Connie Johnson Connie John 1 a.m. Jackie three months Rose yesterday Tony Stone Alabama Willie Mays Henry Aaron Indianapolis fifties New Jersey The Negro Leagues Revisited Johnson one The Negro Leagues nineteen forty-seven Mimi next five ten years
"negro leagues" Discussed on The Dork Forest

The Dork Forest

04:19 min | 9 months ago

"negro leagues" Discussed on The Dork Forest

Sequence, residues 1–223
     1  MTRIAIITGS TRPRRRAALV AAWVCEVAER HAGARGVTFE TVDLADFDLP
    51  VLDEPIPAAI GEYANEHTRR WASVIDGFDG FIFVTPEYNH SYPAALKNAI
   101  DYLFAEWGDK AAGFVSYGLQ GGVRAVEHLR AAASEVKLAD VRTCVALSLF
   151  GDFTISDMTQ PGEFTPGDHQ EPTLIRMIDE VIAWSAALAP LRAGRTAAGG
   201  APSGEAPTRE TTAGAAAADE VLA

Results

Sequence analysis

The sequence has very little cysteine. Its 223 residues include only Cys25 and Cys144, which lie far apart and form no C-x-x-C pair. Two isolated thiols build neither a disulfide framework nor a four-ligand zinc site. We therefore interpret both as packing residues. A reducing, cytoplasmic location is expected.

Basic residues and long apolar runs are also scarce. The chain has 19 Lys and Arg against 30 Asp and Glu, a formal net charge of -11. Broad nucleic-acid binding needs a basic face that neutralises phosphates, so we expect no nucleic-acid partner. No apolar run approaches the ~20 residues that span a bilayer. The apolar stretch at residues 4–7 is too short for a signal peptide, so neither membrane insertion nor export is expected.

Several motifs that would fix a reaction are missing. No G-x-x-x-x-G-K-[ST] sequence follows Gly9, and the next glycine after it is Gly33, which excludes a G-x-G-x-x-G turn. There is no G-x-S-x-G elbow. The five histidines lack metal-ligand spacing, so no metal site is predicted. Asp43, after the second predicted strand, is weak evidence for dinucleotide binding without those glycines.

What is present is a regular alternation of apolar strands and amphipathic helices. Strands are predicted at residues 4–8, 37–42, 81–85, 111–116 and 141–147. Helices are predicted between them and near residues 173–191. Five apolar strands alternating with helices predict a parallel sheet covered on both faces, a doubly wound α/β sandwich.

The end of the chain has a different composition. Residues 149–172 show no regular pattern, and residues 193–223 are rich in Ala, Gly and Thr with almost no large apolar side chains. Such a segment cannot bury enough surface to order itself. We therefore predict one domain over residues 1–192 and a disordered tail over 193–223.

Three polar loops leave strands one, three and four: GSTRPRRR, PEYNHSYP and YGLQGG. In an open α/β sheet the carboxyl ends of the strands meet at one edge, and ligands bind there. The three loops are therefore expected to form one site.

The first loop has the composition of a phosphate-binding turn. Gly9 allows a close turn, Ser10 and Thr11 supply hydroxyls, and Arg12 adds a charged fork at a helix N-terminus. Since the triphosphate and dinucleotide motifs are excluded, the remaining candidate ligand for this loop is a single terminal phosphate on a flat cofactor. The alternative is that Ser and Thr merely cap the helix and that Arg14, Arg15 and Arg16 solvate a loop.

"During the Depression were a lot of criminals because they weren't allowed to be CEOs or Bankers cuz they're black but they were allowed to begin kingpins. And so the king Panthers teams and stock them built ballparks pay the players and then one guy in Pittsburgh had his own bar that he ran the whole operation out of it was called the green dead. The Crawford Grill. Okay, and that's a good team was called the crawfords or the cross if you're down and his name was Gus Greenlee and he was a well-funded gangster and the Gang that they did was numbers running and numbers running is an Arcane thing now, but in those days there's a big deal you'd get a nickel or a penny. I'm not kidding pennies write a series of numbers that would be rid of like in stock market. And therefore the loop was brought back to the Crawford Grill and counted upstairs. Okay bags of coins bags of grapes pre-registered Freddy's off. Yeah, you know hard when she was a kid the famous singer and actress counting down toward and later of course became a singer downstairs and then went to Hollywood and how did you Gana Cruise a superstar? Yeah. So that's what we're talking about is not that long ago, like for instance just to not to answer your question about Kansas City. That's that that's kind of why it's there the monarchs where it came from the very beginning and the phone number. Organize Negro League too, and they also had Satchel Paige on the who's the most famous nuclear D player. He pitched for them in the forties and they were in the guys that Negro League World Series, which was called the East West game fairly short National American their legs were the eastern league, Washington's. Okay, and how many people watched unsteady Celeste? Okay. Okay. And how many teams did they do they do and they switched so it fluctuated 1008 time like the big leagues but there's independent teams are everywhere. So Charley Pride the country star who just passed away. Yeah played for the Memphis play to the Memphis Red Sox a red caps. His brother. Mac Pride was a star pitcher in the Negro Leagues Charlie played in The Negro Leagues basically wage then tried to play in the big leagues was thrown off the Mets class and 62 and that's when he decided to make a go of it as a country singer and moved to Montana. Hey grains a minor, you know one of my stocks and then you on my Earth It's.